"Foreign servers" are a collection of separate experimental CP servers that are run by EBUL and Baron-Volt Industries, but are sponsored and partially paid for by countries that speak the target language. The servers all have languages other than Club Penguin's native English, hence the name "foreign" servers. As of 2016, servers are available in Portuguese, French and Spanish. The main difference between normal servers and "foreign servers" is that the foreign servers are tailored to the specific language needs of their language, with everything on the island being translated into the other languages, including business names, books and publications like the Club Penguin Times (which is often given a different name too), item names, and sometimes penguin names as well (on their player cards).
The idea started in 2008 as a way to beta test servers in non-English languages, for the post-Beta days if they were to sell servers to countries that spoke other languages. After speaking with EBUL, the companies came to an agreement, and looked for countries to "sponsor" the first foreign servers. Lisboagal was the first, speaking Portuguese, and those servers were opened in October 2008 on CP's third anniversary (Dorkugal also sponsors these servers even though they don't speak Portuguese). Not only were the tests successful, but it turns out it was great for CP as well, getting more residents that spoke Portuguese and also more tourists from Lisboagal. They were overall a huge success, and French and Spanish servers opened in 2009, and are sponsored by Francterre and Castilla, respectively. After these three languages came out, they had meetings with EBUL that changed their party process to an extent, making all of their parties more "neutral", such as removing popular parties such as the Winter Fiesta, St Patrick's Day Party and Easter Egg Hunts due to those not being celebrated in all of the foreign speaking countries. This way, EBUL kept control over making parties uniform for all of the servers and also satisfied the foreign speaking countries. On November 2, 2011, the German Servers opened, mainly funded by Alemania. The were "seized" and supposedly owned by Snowzerland from 2012 until 2015, but EBUL still controlled everything so Snowzerland's "ownership" didn't change much. Rusca paid to sponsor Russian servers, which were opened on February 6, 2014. However, all of the servers from the German and Russian languages were evacuated and and shut down on September 2, 2015, due to lack of payment to EBUL by Rusca and Snowzerland. Other languages that were tested but never officially opened/sponsored by their native countries include Japanese and Chinese in 2010.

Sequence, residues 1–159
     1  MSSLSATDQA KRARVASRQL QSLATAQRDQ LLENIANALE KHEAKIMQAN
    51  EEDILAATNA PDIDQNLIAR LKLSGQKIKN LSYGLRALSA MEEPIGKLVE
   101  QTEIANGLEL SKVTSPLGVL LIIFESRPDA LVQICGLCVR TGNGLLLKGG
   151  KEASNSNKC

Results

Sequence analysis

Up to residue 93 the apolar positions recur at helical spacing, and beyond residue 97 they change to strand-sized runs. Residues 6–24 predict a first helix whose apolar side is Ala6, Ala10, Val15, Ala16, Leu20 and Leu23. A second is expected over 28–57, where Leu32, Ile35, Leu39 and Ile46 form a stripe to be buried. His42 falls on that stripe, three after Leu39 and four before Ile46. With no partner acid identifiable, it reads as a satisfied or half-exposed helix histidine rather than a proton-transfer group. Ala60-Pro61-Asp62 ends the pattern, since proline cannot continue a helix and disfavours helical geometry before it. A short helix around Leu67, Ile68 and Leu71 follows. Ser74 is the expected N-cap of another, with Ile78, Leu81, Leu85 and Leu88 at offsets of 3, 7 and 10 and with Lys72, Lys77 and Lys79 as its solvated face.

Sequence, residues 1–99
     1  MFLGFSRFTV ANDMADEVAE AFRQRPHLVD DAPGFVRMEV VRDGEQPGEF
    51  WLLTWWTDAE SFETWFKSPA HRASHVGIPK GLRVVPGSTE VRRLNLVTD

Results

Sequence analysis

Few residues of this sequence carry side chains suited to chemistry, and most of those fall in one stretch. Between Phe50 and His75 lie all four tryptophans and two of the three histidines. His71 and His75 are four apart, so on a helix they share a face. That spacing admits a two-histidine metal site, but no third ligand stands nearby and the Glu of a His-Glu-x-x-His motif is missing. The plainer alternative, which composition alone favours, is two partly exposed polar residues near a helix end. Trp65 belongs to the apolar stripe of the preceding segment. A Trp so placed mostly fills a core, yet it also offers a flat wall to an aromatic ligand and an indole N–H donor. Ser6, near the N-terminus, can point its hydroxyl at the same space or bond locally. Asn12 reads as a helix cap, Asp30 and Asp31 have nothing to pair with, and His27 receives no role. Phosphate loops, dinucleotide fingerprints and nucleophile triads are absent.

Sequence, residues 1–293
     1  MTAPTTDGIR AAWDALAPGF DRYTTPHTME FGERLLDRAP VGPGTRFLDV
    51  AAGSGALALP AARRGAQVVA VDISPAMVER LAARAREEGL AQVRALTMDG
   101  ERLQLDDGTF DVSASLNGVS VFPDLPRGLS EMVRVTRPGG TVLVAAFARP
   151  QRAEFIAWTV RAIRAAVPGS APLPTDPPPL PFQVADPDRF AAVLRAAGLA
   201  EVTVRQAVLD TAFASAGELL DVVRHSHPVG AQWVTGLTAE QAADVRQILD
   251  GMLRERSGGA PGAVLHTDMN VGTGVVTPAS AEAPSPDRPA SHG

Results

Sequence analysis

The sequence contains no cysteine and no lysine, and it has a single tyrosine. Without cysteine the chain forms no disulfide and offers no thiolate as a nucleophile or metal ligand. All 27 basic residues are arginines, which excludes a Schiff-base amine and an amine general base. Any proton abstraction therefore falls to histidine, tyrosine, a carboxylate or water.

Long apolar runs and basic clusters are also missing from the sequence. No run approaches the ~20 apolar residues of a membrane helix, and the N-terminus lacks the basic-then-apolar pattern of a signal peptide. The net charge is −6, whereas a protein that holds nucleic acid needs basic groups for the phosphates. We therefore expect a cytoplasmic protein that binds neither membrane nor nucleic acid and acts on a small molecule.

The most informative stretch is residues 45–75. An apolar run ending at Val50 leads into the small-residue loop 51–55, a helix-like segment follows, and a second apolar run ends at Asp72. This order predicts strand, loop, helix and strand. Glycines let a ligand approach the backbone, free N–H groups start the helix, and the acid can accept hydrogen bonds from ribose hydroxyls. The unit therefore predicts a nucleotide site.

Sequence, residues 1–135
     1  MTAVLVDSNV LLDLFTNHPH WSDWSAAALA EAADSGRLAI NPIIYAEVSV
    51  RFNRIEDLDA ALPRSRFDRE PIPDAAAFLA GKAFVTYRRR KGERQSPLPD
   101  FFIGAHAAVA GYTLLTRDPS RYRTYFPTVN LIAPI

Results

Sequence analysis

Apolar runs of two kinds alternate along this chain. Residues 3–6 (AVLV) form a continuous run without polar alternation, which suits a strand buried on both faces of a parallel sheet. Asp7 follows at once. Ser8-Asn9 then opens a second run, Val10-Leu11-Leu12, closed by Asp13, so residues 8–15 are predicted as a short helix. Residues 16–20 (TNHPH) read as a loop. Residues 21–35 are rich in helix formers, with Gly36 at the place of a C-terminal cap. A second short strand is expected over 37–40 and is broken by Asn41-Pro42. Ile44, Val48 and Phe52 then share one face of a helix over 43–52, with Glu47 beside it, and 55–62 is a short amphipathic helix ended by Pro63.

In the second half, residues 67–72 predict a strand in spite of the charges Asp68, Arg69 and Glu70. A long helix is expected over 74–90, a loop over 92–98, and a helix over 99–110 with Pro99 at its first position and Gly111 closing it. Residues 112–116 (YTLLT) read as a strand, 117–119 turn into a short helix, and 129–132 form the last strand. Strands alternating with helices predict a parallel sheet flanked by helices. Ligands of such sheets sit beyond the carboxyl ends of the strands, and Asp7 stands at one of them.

Officially, all of the foreign servers are owned and controlled by EBUL and Baron-Volt, just like the English servers. However, the native speakers of the foreign languages pay a certain fee each year to EBUL to "sponsor" the servers, and help pay for server costs such as paying citizens who play T-Server games. There are significantly less foreign servers in comparison to English servers, such as there only being 12 German T-Servers before they were closed, and there being dozens of English T-Servers. While the only physical change from English servers is the language change, and thus translations of everything (including catalogs, parties and The Club Penguin Times), each language also has their own specific culture. Even though it looks the same as English servers, each language carries a bit of their own specific cultures from their homelands. All foreign servers still use Club Penguin Coins as their official currency.
SWF's (Shockwave File) are files of reality rooms in Club Penguin. SWF's are created so a room could be decorated once, saved into the computers, and so that construction only has to take place once. SWF's are much older than the actual Servers, they were created just for fun by the company. SWF's are uploaded online by thieves, who hack the Servers. SWF's of Club Penguin can be found everywhere online, usually on websites full of viruses. Which make it hard to collect SWF's.
- If the supercomputers that control the servers are ever destroyed (not dismantled, but destroyed), all the servers would crash into one reality. The ensuing chaos would result in reality errors and the death of thousands. The BoF is actively researching on how to prevent such disasters.
- Some countries have tried to buy servers of their own so their countries can increase their territory. Baron-Volt Industries has denied all requests, stating that the beta testing period is not over.